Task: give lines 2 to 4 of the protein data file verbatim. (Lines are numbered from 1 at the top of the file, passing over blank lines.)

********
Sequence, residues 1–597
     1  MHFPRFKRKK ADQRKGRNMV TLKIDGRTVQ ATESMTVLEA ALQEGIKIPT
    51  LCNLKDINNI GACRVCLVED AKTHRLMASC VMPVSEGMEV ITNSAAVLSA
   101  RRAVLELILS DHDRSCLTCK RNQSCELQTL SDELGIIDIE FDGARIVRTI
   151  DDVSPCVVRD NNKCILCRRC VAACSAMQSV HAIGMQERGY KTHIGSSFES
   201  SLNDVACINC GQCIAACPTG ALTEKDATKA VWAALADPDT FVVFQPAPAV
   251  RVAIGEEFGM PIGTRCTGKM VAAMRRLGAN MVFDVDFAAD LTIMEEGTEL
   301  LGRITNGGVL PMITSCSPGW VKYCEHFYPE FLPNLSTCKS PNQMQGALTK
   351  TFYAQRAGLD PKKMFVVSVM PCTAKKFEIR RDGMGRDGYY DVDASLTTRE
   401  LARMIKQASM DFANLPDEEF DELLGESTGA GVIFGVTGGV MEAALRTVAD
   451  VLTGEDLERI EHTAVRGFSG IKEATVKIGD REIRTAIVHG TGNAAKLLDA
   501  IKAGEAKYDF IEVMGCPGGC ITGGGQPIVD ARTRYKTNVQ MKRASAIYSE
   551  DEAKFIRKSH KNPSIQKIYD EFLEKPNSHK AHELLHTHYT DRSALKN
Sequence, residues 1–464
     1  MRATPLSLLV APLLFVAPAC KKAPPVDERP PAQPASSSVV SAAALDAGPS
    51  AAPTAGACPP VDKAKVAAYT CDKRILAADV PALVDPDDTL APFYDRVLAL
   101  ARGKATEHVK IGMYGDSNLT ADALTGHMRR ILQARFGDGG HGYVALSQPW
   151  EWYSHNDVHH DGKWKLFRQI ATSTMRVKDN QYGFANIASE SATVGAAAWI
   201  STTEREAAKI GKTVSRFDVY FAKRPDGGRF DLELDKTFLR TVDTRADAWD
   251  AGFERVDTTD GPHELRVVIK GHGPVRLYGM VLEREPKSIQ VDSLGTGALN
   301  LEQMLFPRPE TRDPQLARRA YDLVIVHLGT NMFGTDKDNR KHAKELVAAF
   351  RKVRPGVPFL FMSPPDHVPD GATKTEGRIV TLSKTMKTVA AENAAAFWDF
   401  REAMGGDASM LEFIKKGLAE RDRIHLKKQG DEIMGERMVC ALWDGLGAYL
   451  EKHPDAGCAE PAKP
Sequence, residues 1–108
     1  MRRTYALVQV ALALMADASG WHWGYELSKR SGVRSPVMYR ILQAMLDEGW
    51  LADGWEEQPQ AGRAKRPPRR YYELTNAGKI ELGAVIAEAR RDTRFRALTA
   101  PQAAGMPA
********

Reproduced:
     1  MHFPRFKRKK ADQRKGRNMV TLKIDGRTVQ ATESMTVLEA ALQEGIKIPT
    51  LCNLKDINNI GACRVCLVED AKTHRLMASC VMPVSEGMEV ITNSAAVLSA
   101  RRAVLELILS DHDRSCLTCK RNQSCELQTL SDELGIIDIE FDGARIVRTI